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Irse de boca

Let's continue learning idiomatic expressions that use names of body parts. This lesson focuses on the word boca (mouth).
 
The expression llevarse algo a la boca (literally "to put something in one's mouth") means "to eat." You can see an example in the following quote from our catalog of videos:
 

que te lleves algo a la boca. -¡Hombre, algo a la barriga!
you put something in your mouth. -Man, something to put into my belly!
Caption 87, 75 minutos - Del campo a la mesa - Part 10


Somewhat similar is the expression no tener nada que llevarse a la boca (literally, "to lack something to put in one's mouth"), which basically means "to be very poor."
 
Two very useful phrases using the word boca (mouth) are boca arriba (face up) and boca abajo (face down):
 

Túmbese, boca arriba.
Lay down, face up.
Caption 34, Club de las ideas - Técnico en imagen para diagnóstico


The expression abrir la boca (to open one's mouth) means "to speak out," "to confess or reveal a secret," or "to spill a gossip," depending on the context:
 

Eso sí, miralo y no abras la boca hasta que volvamos a hablar vos y yo, ¿eh?
Mind you, watch it and don't open your mouth until we speak again, you and I, OK?
Caption 6, Muñeca Brava - 9 Engaños - Part 8


Also similar is irse de boca (literally "to go mouth on"), that is "to run off at the mouth" or simply "to be indiscreet":
 

No te habrás ido de boca diciéndole la verdad a ese Sirenio, ¿no?
You wouldn't have been indiscreet by telling that Sirenio guy the truth, right?
Caption 52, Yago - 9 Recuperación - Part 12


El presidente se fue de boca otra vez.
The president ran his mouth off again. 


Finally, keep in mind that irse de boca is also a synonym phrase of caerse de boca (to go headlong, to fall flat on your face). This is a very colloquial expression that you probably won't use in a formal situation:

 

Se fue de boca y se fracturó la nariz.
He went headlong and fractured his nose.


 
That's all for now. We challenge you to try finding more expressions using the word boca in our catalog of videos! And don’t forget to send your feedback and suggestions to newsletter@yabla.com.

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Drink up!

Joselo's song titled Sobriedad ("sobriety") is dripping with references to booze. We counted seven kinds of alcoholic beverages in the lyrics: pisco sour, champaña, vino blanco, whiskey, vodka, gin and tonic, and vino tinto. Most of these drinks need no translation to English speakers, but we have a few tips for reading bar menus.

  • Pisco sour is claimed to be the national drink of both Chile and Peru. Both South American countries produce pisco -a type of brandy or liquor distilled from grapes, usually Quebranta or Muscat varieties.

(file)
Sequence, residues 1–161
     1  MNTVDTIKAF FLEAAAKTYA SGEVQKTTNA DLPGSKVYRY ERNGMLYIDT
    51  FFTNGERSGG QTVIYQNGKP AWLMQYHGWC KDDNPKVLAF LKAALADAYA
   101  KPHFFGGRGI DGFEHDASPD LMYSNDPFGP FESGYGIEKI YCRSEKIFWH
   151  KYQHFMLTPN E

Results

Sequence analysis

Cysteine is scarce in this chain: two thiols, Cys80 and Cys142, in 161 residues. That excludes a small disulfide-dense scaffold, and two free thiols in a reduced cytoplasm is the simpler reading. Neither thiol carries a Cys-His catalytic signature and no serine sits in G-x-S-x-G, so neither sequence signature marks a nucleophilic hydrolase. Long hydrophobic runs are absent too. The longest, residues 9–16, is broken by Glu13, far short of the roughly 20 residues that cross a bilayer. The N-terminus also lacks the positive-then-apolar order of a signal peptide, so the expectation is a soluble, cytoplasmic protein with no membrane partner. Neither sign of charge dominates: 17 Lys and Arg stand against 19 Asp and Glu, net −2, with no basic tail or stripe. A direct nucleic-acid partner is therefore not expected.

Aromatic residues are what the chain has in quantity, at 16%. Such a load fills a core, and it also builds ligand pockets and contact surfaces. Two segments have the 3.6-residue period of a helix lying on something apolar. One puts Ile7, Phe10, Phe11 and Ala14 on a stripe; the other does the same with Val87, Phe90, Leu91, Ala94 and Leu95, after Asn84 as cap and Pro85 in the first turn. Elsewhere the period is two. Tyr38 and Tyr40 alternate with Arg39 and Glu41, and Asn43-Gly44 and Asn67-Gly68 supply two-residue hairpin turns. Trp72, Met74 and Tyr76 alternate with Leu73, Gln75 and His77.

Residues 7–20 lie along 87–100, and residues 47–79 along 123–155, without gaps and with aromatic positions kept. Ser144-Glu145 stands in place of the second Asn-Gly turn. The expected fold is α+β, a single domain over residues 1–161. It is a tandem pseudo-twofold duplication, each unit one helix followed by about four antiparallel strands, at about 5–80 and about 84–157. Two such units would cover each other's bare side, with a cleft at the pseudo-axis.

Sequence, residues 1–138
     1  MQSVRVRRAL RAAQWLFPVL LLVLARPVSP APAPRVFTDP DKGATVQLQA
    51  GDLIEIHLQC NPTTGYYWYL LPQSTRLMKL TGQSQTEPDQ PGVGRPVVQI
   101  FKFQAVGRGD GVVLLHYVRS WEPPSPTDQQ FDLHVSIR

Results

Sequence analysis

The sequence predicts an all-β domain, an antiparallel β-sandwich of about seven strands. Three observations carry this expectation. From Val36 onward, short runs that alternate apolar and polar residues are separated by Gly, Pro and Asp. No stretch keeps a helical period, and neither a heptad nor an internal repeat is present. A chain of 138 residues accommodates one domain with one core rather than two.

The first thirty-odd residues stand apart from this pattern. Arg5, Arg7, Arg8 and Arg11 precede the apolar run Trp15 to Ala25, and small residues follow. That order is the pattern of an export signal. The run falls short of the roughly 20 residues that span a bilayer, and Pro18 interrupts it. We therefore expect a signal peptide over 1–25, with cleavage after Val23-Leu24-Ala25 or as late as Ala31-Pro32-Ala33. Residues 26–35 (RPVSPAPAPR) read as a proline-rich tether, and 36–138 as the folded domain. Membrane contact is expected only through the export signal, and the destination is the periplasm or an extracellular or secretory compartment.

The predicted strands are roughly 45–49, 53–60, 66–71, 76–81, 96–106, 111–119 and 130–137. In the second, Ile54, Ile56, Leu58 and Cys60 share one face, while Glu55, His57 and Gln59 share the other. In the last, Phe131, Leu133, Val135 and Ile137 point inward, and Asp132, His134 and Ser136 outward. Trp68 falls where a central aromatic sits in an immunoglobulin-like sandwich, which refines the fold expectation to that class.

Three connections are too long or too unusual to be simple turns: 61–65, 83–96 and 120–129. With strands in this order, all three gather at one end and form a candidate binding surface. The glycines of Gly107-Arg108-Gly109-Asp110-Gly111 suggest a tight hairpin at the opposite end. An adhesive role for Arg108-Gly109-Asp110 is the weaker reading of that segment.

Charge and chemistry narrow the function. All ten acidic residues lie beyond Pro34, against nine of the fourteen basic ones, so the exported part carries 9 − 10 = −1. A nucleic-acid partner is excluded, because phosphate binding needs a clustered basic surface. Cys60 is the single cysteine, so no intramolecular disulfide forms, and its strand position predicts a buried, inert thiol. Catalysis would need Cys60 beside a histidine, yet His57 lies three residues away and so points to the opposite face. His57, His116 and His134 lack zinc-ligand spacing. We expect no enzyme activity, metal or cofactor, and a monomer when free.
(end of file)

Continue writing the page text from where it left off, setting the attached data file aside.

• Vino, as almost everyone knows, is "wine." This song mentions both white and red wine -- or, vino blanco y tinto. Tinto?, you may ask. Not rojo ("red")? Yes, you read that correctly. A common rookie error in Spanish is to assume "red wine" is vino rojo. But that order is more likely to get you some sort of rosé or vino rosado. Remember to use the word tinto to get your classic red wine.

  • Champaña sounds familiar, no? As you guessed, it's "Champagne" in English and the original French. It's also known as champán in the Spanish-speaking world.

Ok. Now whiskey, vodka and gin and tonic are just what you think they are. Incidentally, "whiskey" (pronounced 'wee-skee') is often what you say when someone takes your photo, in order to smile as wide in Spanish as you do in English when you say "cheese."

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Monte de Piedad: Merciful pawn shops

Monte de Piedad
[Caption 4, Control Machete > El Apostador]

Monte de Piedad translates litterally to "Mount of Mercy," which sounds like a religiously inspired exclamation use to punctuate this tale of gaming overindulgence; it is in fact the name of Mexico's facinating chain of state-run and state-controlled pawn shops. These exist throughout the country and are actively used by a surprisingly large percentage of the Mexican population on a fairly regular basis.

An excellent write-up including a modern account and full history:
http://www.mexconnect.com/MEX/jrose/jjrpiedad.html
Also worth reading:
http://www.guardian.co.uk/international/story/0,3604,1280276,00.html

(Oddly enough, while there is talk of a comebcak and current debate, Mexico has not had full-time legal casinos since 1935 -- so Control Machete is either way ahead of the curve or got their inspiration north of the Rio Grande.)

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